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So, there are no general expressions for large-frequency asymptotics of Fourier transforms, but I am interested in any techniques that would allow to establish upper bounds on the rate of decrease of Fourier transforms (I am talking about cases when the decrease is faster than any inverse power of the frequency).

For example, one may have a function $f(t)$ and its Fourier transform $f(\omega)$ that cannot be evaluated explicitly, $f(\omega)=\frac{1}{2\pi}\int dt e^{i\omega t} f(t)$. It is known that if $f(t)$ is infinitely differentiable, then $f(\omega)$ decreases faster than $O(1/\omega^n)$ for any $n$ at large $\omega$. How could one go about proving more refined bounds on the asymptotic decrease? For example, what usable conditions could one set up for $f(t)$ to ensure that $f(\omega)$ decreases faster than $O(e^{-a\omega^2})$ for some $a$ at large $\omega$?

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    $\begingroup$ I asked a question similar to this, got a nice answer, perhaps of use to you. math.stackexchange.com/questions/51217/… $\endgroup$
    – Alice
    Commented Sep 22, 2011 at 17:41
  • $\begingroup$ Thank you, Alice, it does seem relevant and I have located the portion of Reed&Simon vol.2 dealing with the question. However, what is discussed there is $O(e^{-a\omega})$ decrease, whereas I am specifically interested in proving $O(e^{-a\omega^2})$ decrease (for a specific function that has come up in my research). Any ideas? $\endgroup$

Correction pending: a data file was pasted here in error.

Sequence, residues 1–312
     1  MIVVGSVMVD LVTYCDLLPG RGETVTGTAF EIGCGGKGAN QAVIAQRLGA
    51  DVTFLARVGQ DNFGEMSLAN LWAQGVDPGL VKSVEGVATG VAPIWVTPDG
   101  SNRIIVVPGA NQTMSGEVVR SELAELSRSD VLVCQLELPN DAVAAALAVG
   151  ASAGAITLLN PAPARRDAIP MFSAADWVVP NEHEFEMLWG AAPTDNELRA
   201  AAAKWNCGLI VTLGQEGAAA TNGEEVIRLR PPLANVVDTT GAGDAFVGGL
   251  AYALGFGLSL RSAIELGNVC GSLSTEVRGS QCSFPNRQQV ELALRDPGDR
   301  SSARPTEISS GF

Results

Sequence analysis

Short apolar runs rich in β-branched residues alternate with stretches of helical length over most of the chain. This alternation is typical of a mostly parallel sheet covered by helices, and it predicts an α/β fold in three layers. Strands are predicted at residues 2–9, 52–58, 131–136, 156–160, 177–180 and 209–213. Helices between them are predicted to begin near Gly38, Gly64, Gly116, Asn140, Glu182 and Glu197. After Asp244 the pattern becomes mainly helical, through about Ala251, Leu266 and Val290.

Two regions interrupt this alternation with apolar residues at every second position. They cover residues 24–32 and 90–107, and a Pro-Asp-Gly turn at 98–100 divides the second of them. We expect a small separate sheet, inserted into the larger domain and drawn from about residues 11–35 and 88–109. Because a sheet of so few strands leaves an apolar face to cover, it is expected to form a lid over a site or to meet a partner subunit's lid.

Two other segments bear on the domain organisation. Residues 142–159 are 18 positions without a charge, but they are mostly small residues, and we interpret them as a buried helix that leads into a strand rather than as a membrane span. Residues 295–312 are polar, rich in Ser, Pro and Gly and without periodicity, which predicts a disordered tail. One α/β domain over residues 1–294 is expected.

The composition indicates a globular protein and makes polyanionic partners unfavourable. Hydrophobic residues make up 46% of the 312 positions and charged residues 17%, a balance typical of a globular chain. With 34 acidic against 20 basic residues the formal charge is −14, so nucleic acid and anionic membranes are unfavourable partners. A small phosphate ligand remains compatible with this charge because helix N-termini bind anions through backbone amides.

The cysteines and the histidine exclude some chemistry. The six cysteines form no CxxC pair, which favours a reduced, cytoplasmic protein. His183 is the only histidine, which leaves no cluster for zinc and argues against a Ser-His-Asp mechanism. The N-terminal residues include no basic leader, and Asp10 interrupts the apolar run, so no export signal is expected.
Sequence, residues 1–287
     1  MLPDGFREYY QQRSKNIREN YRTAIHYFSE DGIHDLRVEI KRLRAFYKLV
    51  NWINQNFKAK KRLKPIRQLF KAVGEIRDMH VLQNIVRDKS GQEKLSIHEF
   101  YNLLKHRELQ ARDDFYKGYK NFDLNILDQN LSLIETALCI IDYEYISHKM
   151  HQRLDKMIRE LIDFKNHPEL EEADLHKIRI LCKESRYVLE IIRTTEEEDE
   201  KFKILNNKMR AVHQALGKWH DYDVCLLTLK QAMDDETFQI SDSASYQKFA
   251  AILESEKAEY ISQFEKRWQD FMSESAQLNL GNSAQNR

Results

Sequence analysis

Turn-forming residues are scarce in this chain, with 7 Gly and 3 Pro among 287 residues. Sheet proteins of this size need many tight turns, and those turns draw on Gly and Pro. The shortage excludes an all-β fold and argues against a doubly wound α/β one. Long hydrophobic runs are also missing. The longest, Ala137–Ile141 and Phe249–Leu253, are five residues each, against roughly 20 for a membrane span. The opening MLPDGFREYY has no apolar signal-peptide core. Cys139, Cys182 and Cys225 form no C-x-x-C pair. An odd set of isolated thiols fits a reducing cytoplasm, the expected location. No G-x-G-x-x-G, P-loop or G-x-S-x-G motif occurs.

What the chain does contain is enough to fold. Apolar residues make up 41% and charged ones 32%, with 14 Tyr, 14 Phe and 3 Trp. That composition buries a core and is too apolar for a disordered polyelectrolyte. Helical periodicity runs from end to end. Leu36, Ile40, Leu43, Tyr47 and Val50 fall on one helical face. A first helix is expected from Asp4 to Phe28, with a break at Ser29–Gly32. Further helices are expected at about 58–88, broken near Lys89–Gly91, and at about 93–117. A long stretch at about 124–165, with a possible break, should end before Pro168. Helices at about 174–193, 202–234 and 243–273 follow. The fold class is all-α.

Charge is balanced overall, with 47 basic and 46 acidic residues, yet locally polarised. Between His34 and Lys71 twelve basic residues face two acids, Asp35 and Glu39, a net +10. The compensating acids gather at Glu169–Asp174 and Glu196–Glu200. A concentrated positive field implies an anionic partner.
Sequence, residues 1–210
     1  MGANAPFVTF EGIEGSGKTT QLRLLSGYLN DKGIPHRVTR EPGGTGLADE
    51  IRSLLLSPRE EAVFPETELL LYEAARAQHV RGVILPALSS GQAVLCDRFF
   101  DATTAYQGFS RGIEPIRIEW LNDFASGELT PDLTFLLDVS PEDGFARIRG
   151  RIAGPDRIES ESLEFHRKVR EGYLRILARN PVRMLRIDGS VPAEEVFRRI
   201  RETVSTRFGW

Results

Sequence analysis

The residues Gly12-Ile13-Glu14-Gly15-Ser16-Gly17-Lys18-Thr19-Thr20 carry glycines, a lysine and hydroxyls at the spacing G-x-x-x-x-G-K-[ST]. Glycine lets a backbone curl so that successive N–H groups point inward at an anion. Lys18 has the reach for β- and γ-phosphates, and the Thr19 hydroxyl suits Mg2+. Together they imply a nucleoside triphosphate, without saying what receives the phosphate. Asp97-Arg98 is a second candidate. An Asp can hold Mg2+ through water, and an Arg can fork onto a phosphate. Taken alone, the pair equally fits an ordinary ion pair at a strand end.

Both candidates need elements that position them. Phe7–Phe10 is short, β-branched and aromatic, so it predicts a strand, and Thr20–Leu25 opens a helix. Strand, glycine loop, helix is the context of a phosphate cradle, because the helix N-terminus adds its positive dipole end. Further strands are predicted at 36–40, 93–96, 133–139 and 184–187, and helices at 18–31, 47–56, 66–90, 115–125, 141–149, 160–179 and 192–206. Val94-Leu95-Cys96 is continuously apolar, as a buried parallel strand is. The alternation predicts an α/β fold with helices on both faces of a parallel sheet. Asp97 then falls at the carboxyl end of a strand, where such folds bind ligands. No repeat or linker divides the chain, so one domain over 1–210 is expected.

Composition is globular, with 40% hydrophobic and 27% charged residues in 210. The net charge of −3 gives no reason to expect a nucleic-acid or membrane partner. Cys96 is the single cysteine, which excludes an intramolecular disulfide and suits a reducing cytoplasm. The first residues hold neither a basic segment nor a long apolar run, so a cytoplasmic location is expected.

– eoe
    Commented Sep 23, 2011 at 4:31
  • $\begingroup$ To reduce ambiguity, it might be better to use a different symbol to indicate the Fourier transform of a function, e.g., $Ff$ or $\hat{f}$. At any rate, one sufficient condition is that $f$ is a finite sum of functions of the form $P_b(t)e^{-bt^2}$ for $b$ a positive real number and $P_b$ a polynomial. You can extend this to allow an infinite sum under suitably restrictive growth conditions (but I do not know an example off-hand). $\endgroup$
    – S. Carnahan
    Commented Sep 26, 2011 at 9:18

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Have a look at Generalized Functions, vol. 2, by Gel'fand and Shilov. They discuss what is nowadays called Gelfand--Shilov spaces. These are subspaces of the Schwartz space such that a function $f$ and its Fourier transform $\hat f$ decrease like $|f(x)| \leq A \exp(- c |x|^{1/a})$ and $|\hat f(\xi)| \leq A \exp(- d |\xi|^{1/b})$, $a+b \geq 1$.

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